Daniel Muñoz Borrego, known as El Dany, died Saturday in Havana, according to Billboard. The 31 year old artist was part of the musical duo Yomil y El Dany with Roberto Hidalgo Puentes. The two created “trapton” music which they described as their own unique sound that combines trap, dembow, and reggaetón. The duo first appeared on Billboard charts after their 2016 album Sobredosis was number eight on the Billboard Top Latin Albums chart for one week. The exact cause of death is still unknown. El Dany was hospitalized in Havana’s Calixto García Hospital for pain in his legs. On Sunday the Provincial Public Health Department of Havana released a statement saying he died as a result of a cardiovascular issue. El Dany is survived by his wife, Iraisel, and his daughter, Daniela.
Cuban girls who are turning fifteen during the COVID-19 pandemic, are wearing a new accessory in their celebration pictures, a face mask, Reuters reports. This photo collection shows how girls in Cuba are using face masks as a fashion accessory by matching them to their outfits, and as a symbol of the unique circumstances of their coming-of-age moment. Whether in front of a colorful graffiti wall, the beach, the countryside or the streets of Havana, face masks are a part of the 2020 Cuban quinceañeras experience. In Cuba, like in many Latin American countries, turning fifteen is a major rite of passage for a young woman.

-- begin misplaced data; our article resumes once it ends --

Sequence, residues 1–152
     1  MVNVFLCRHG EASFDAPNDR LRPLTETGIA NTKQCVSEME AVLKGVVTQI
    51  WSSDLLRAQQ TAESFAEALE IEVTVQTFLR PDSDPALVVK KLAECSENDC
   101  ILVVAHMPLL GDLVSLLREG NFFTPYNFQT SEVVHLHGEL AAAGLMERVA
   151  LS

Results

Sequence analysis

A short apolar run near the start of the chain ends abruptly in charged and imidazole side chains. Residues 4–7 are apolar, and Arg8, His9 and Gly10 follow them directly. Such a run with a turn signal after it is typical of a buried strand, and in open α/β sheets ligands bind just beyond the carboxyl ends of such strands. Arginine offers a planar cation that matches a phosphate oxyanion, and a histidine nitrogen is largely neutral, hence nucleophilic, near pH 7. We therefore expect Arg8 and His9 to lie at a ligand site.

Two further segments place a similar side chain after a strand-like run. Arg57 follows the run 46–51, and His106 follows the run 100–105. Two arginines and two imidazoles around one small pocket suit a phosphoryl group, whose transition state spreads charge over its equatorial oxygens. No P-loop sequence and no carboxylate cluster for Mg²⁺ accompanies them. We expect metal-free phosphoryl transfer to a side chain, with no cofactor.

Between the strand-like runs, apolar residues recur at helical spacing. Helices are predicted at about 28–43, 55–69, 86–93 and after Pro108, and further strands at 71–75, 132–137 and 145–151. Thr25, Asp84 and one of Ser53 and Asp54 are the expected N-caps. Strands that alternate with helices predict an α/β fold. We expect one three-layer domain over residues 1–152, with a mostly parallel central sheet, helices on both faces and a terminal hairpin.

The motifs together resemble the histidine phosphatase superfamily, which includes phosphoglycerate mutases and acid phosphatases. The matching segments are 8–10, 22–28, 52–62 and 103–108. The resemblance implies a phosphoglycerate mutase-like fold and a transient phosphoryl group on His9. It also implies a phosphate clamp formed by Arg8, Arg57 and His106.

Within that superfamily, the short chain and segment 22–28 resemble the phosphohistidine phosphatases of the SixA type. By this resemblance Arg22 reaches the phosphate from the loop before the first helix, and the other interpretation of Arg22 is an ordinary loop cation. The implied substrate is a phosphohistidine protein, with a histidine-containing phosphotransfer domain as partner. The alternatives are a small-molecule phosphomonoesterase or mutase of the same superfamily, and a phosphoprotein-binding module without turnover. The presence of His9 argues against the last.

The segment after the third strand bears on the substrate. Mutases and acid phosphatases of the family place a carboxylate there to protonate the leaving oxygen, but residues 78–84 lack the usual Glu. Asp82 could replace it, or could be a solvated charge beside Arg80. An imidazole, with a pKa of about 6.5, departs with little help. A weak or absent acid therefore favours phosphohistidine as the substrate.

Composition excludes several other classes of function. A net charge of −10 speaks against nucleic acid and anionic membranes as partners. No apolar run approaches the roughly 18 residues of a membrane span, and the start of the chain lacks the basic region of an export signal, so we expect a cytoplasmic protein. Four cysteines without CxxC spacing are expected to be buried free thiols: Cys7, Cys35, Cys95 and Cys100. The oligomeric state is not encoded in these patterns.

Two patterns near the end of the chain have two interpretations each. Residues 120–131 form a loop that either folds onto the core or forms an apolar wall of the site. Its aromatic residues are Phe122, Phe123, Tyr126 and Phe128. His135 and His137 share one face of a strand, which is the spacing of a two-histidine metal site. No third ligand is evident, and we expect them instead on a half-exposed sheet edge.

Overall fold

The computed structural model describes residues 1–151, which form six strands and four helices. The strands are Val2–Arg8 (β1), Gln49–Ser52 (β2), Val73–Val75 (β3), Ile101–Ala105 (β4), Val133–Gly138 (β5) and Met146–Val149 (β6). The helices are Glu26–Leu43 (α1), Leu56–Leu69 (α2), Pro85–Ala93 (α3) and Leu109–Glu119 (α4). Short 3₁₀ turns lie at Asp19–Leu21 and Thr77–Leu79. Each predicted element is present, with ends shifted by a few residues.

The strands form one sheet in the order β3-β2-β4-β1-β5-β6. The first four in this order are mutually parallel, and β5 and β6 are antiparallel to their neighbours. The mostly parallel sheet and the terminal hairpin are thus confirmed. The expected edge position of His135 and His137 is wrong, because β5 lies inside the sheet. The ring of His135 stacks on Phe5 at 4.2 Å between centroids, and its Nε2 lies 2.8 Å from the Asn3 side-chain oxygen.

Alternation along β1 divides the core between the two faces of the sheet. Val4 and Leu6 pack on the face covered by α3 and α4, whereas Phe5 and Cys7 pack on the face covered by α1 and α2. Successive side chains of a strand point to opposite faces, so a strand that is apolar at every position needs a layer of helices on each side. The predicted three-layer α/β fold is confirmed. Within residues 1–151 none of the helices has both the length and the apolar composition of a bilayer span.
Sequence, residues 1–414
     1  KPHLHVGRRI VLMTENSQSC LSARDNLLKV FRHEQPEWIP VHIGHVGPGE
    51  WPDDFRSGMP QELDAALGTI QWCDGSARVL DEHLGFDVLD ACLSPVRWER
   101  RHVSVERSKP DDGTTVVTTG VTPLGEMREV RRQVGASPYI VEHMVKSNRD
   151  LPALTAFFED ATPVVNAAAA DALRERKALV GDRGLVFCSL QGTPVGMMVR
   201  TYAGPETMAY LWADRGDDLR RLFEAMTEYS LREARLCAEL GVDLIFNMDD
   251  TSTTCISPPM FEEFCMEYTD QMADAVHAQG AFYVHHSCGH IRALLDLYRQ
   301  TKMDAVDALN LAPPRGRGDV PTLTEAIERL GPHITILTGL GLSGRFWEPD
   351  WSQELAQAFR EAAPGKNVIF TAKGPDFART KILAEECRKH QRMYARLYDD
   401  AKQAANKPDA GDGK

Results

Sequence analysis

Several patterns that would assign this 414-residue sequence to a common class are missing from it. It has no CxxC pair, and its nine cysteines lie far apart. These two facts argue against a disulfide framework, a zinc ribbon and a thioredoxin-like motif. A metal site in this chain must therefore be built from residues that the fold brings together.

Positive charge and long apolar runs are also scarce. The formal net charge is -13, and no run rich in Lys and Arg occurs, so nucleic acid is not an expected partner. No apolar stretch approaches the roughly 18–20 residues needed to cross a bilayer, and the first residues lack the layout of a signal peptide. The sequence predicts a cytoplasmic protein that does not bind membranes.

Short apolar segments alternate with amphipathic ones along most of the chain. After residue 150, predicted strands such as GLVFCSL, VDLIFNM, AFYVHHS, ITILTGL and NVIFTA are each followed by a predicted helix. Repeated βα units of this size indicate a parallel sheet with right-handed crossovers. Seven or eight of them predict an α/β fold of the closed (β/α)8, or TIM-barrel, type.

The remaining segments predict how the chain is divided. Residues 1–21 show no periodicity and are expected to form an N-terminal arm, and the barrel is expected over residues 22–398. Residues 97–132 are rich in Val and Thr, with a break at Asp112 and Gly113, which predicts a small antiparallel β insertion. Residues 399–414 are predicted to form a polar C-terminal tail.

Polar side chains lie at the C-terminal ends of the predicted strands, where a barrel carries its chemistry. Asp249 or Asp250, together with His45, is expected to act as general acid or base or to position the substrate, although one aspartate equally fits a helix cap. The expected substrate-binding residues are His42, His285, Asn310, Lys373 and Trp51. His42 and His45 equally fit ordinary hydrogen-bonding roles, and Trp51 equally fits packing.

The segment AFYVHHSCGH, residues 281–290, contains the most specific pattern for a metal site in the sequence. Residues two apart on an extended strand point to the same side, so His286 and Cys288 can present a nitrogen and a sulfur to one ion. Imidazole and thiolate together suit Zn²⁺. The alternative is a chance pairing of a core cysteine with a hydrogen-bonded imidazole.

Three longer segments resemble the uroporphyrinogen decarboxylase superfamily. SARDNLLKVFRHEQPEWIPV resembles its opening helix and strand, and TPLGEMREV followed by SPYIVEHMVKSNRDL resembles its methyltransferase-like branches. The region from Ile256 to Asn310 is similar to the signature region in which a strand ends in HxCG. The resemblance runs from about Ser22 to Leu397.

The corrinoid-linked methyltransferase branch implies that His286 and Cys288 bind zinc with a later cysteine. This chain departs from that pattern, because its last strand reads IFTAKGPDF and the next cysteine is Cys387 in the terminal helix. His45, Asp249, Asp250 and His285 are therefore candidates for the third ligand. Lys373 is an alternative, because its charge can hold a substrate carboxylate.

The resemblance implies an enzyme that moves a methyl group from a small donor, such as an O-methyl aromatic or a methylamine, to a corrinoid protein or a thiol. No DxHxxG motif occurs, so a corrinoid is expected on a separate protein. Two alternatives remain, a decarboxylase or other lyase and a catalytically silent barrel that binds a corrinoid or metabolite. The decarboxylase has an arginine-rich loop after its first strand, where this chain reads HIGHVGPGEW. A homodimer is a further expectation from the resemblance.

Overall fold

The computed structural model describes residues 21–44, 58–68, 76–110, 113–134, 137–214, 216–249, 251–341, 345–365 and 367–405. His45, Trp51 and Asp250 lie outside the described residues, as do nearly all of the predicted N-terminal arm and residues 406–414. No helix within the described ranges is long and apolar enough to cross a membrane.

Despite the lack of assigned bike paths, traffic rules, bike racks and other aspects to ensure a safe and smooth ride, Jesse Host writes that Havana has become the “ideal biking city.” The author shares how biking around Havana is often the most practical alternative to move between places, especially when you have to be in multiple places at once, public transportation is insufficient, and private transportation services are unreliable or too expensive. Mr. Host explores the sociopolitical symbolism of riding a bike versus owning a car, connects it to an analysis of the dire economic situation of the country, and gives an insight into how biking culture influences the life of Cubans. Mr. Host explains how the bicycle can be a metaphor of the past, the present, and the future, as well as an effective means of transportation in an uncertain reality.
Living Away Website, Living Away Fest, July 20-26
The Living Away Fest is a multidisciplinary art festival which will include live performances, short films, workshops, radio programs, self-guided practices, poetic walks, and video games created by more than 25 artists around the world, many of whom are Cubans living inside and outside of the island. Due to COVID-19, this year the festival has been modified to present the artworks through an online platform. You may find a promotional video for the event here. For tickets and more information, visit the Living Away Fest website.